Frequently Asked Questions.
What should I expect during Vision Therapy?
The vision therapy patient will go through an individualized program of exercises and procedures that help develop or improve fundamental visual skills and abilities, as well as improve efficiency and comfort.
Therapy is accomplished under direct supervision of the optometrist once a week for 60 minutes at a time. Therapy is continued throughout the week with 10-20 minutes of daily “homework” to reinforce the visual skills learned in sessions.
Many techniques and equipment will be used throughout the course of therapy, such as corrective and therapeutic lenses, prism lenses, eye patches, computer systems, and visually directed games and exercises.
What are the Benefits of therapy?
To correct existing vision problems that are causing double vision, eyestrain, headaches, blurred vision or poor concentration.
To improve and enhance the ability to sustain clear comfortable vision during visually demanding tasks.
To develop the visual skills necessary to perform more effectively at school, work and other activities.
To prevent vision and eye problems from developing.
What is the duration of therapy?
The length of therapy will vary depending on the condition as well as the patient’s motivation and commitment to completing home exercises.
What is a behavioural or developmental optometrist?
A behavioural or developmental optometrist is concerned with prevention, remediation and enhancement of the visual system to achieve optimal function. In other words, the visual evaluation goes far beyond health checks and glasses. How comfortably and efficiently you use your visual system for the type of work, education, or sports activities you are involved in is of the utmost importance. Recommendations for special types of glasses (for example computer or sports) and/or vision therapy may be given.
I just had my eyes checked and everything was fine.
Although routine vision exams can thoroughly check eye health and assess near/farsightedness, they frequently do not include tests for many of the difficulties that can cause or complicate learning, such as tracking (following a moving object), focus flexibility, eye teaming, eye-hand coordination, visual perception, etc. Even with 20/20 visual acuity, this may give a false sense of security that “visual processing” is adequate.
What do you do differently than other doctors?
The first evaluation thoroughly investigates eye health, need for glasses, ability to track and move eyes accurately and efficiently, focusing, eye teaming, and depth perception. Then, depending on the initial tests, a second or third evaluation may be recommended. Follow up evaluations include tests for visual information processing abilities (what you understand from what you see), visual-spatial abilities, visual-motor integration, auditory-visual integration, and visual tracking abilities.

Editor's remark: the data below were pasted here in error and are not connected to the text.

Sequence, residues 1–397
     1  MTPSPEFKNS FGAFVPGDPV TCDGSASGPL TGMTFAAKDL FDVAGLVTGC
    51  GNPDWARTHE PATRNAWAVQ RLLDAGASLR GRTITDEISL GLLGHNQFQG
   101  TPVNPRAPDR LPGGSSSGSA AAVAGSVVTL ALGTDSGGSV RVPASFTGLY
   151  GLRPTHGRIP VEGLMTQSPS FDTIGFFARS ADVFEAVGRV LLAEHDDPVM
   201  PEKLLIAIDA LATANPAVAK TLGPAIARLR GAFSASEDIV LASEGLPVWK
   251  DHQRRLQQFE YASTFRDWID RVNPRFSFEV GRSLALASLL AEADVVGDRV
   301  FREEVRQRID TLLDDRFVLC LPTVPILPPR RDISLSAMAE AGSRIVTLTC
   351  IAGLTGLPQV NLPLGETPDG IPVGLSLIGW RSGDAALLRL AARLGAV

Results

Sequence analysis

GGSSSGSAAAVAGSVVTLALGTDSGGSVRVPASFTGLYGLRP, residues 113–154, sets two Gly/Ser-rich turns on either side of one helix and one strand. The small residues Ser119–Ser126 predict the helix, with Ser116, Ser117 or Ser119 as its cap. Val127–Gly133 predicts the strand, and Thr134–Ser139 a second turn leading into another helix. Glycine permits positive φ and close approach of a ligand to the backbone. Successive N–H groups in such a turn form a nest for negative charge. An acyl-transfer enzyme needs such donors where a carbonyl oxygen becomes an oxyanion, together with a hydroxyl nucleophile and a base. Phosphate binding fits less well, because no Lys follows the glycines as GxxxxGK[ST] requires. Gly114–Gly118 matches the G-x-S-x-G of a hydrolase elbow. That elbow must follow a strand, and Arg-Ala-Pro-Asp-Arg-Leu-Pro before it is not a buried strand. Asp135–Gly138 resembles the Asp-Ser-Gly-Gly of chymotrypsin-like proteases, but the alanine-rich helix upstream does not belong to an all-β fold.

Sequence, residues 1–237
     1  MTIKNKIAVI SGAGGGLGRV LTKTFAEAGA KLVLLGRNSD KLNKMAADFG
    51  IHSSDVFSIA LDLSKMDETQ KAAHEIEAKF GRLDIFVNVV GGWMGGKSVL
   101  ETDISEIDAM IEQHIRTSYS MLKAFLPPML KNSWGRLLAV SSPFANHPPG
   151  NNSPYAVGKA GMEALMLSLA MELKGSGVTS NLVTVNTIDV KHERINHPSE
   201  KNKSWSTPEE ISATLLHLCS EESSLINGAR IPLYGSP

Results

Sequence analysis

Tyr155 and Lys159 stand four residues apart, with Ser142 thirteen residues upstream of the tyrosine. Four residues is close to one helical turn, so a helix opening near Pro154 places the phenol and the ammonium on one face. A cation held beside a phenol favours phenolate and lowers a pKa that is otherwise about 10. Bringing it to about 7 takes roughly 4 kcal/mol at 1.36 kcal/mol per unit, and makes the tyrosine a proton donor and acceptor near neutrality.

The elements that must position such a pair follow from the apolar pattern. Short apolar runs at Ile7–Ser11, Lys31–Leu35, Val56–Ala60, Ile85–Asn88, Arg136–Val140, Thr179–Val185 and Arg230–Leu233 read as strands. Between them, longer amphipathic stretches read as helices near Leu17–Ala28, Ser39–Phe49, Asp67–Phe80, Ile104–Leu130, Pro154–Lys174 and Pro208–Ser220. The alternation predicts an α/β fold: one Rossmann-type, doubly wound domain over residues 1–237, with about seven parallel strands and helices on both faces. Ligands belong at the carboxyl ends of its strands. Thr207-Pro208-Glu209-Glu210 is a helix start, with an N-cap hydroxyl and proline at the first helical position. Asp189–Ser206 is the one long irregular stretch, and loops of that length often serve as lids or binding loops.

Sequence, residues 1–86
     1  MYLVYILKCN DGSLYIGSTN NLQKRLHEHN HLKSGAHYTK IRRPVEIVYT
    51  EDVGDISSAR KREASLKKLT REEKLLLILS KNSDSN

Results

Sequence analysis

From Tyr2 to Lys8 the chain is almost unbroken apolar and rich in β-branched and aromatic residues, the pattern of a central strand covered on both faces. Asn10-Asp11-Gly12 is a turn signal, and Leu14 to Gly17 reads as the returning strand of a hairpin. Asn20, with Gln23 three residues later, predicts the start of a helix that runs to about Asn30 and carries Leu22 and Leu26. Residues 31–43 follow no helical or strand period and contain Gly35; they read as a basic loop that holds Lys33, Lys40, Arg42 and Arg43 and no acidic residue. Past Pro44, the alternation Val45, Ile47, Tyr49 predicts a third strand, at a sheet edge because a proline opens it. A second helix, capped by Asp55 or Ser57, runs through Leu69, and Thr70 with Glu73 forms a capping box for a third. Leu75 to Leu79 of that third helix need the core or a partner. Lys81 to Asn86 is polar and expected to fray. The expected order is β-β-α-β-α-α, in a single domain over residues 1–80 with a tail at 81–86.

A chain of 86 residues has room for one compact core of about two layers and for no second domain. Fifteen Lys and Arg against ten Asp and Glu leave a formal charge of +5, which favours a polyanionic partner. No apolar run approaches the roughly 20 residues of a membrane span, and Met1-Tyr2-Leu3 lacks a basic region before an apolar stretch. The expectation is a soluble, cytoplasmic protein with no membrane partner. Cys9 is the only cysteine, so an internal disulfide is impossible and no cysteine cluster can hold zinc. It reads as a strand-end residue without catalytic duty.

What is a Developmental Vision Analysis (DVA) and consult?
The DVA is comprised of a series of tests that are designed to identify strengths or weaknesses in the areas of visual motor integration, visual perception (including visual memory, form perception, visual discrimination, directionality/laterality, auditory/visual integration), perceptual motor abilities, as well as auditory analysis screening.
The time required for the DVA is usually 1½ hours and is done one-on-one between the doctor/therapist and the patient. Parents are asked to wait in the reception area during this testing. At the completion of this testing, scores will be tabulated and then presented at a consultation with the doctor, the patient and/or the parents.
Options will be discussed as to whether vision therapy might be helpful or if referral to another professional (such as tutor, psychologist, occupational therapist etc.) is appropriate. A written summary report is also included that is useful for parents, educators, doctors, and others working with the patient.
Do you treat or diagnose learning problems, disabilities or dyslexia?
We thoroughly evaluate visual skills, as these can often affect one’s ability to learn. For example, deficits in visual skills could cause difficulties in reading (losing place, skipping words, blurriness, headaches, fatigue, tired eyes, etc.), or writing (difficulty with coloring, staying on the line), or in sports. Even if the patient can see well, there may be other significant visual problems hindering one’s ability to learn. To thoroughly diagnose learning disabilities or dyslexia, a full psycho-educational battery of testing and consultation must be given. Our doctors are able to network and consult with other professionals, schools, hospitals and/or treatment centers.
Will insurance cover this type of treatment?
Visual perceptual therapy for learning disabilities or educational problems is not covered under health plans. Some extended health plans may cover a portion of the evaluation and/or treatment if there is a specific eye muscle problem.